The two Diprion species can only reliably be distinguished by the saw teeth and the penis valve since the external features of both are variable. Both species are yellowish with various degrees of black on the head, mesonotum, mesosternum and tergites 3 to 6. Diprion pini females have saws with irregularly spaced and sized teeth. The penis valve is only shallowly sinuate on the serrated edge.
Larvae of the two species are easily recognisable and each feeds communally on pines. Larvae prefer mature needles from previous years' growth. Temperature affects the phenology and in hot, dry years a second generation can arise leading to population surges. Climate change could result in significant defoliation outbreaks. Under normal univoltine conditions larvae form cocoons in autumn in the leaf litter or just below. However, in bivoltine years, the larvae make their cocoons in the crowns of pine trees. Second generation adults emerge after a short duration in late July. Larvae arising from this second generation feed on the current year's needles.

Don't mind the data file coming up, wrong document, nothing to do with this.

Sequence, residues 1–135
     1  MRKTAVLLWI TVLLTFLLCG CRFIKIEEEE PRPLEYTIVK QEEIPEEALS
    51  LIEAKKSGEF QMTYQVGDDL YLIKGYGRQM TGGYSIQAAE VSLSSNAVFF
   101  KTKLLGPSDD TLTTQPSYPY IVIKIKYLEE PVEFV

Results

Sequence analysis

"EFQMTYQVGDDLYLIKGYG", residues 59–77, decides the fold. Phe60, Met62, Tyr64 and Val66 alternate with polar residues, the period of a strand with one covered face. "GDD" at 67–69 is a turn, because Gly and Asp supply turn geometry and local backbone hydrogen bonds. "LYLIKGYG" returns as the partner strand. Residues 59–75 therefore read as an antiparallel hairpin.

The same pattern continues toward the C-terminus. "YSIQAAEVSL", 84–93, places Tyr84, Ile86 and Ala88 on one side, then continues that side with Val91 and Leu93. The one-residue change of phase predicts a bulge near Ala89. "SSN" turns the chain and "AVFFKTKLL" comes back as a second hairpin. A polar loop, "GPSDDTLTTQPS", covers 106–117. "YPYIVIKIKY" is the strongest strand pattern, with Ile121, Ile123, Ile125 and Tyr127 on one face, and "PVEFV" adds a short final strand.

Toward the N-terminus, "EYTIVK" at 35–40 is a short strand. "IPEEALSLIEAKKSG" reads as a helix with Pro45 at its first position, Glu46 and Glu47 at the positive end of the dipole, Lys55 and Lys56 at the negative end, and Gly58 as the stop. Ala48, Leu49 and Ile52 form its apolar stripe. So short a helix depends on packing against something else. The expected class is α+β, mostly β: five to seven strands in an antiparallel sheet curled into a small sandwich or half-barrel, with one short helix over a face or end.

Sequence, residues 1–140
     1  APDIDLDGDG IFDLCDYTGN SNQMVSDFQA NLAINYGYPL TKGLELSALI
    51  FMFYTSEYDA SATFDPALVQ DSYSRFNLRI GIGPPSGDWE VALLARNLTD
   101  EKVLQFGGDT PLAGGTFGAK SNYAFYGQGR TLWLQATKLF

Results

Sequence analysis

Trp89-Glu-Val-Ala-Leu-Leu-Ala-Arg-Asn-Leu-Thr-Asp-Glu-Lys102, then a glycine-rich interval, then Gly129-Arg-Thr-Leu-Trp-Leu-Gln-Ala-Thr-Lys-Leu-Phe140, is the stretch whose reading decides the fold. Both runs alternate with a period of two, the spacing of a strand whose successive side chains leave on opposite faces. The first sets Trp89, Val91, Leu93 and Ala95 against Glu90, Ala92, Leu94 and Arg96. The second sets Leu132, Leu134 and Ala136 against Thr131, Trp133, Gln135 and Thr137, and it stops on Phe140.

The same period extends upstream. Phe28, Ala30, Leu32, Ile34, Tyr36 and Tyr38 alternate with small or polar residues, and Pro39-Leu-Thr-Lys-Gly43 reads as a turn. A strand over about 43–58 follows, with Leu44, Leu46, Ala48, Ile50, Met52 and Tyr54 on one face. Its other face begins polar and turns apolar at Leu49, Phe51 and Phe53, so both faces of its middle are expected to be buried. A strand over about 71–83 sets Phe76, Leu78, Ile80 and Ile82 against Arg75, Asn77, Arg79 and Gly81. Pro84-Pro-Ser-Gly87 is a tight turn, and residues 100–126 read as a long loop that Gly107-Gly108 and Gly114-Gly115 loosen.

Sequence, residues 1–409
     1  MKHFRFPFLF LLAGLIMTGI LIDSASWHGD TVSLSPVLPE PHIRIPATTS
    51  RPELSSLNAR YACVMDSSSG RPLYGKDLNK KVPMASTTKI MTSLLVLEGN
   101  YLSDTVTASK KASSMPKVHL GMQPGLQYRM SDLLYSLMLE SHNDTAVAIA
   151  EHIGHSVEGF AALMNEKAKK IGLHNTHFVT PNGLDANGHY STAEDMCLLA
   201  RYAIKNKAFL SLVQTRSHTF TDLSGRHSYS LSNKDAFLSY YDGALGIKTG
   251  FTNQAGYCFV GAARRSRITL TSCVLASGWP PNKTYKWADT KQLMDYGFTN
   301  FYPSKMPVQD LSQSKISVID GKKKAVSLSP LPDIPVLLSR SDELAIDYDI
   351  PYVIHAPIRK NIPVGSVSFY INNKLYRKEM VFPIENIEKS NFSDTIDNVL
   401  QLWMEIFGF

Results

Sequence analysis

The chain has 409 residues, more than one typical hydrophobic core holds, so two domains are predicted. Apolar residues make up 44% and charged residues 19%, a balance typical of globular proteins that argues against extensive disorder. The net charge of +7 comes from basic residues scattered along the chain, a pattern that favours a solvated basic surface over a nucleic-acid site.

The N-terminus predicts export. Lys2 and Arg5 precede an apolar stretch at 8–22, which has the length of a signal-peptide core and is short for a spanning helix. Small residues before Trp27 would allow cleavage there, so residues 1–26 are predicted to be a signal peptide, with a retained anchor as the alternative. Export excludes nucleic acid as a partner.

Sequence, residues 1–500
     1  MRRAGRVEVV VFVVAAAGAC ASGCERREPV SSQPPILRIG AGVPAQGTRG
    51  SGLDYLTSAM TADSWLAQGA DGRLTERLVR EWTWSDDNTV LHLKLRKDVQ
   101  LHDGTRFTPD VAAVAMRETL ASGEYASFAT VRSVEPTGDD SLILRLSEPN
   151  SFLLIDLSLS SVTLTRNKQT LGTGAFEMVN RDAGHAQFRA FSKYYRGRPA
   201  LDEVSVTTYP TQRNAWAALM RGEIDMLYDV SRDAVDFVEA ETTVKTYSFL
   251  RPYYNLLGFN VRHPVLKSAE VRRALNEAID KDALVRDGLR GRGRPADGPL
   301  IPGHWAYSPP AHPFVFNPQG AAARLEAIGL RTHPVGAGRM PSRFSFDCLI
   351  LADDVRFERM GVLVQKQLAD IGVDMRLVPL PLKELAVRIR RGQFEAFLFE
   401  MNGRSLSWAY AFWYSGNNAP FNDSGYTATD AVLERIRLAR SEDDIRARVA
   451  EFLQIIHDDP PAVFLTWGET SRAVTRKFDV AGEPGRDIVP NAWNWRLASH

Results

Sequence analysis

Size: 7 - 10mm
Distribution: England, Scotland, Wales, Ireland
Flight period: Univoltine May to July, or bivoltine in hot years May to July, July to August
Plant associations: Pinus spp. (pines)
Benson, R.B., 1952. Handbooks for the Identification of British Insects. Hymenoptera, Symphyta, Vol 6, Section 2(a-c), Royal Entomological Society, London
Liston A, Knight G, Sheppard D, Broad G, Livermore L (2014) Checklist of British and Irish Hymenoptera - Sawflies, ‘Symphyta’. Biodiversity Data Journal 2: e1168. https://doi.org/10.3897/BDJ.2.e1168
Möller, K., Hentschel, R., Wenning, A. and Schröder, J., 2017. Improved outbreak prediction for common pine sawfly (Diprion pini L.) by analyzing floating ‘Climatic Windows’ as keys for changes in voltinism. Forests, 8(9), p.319.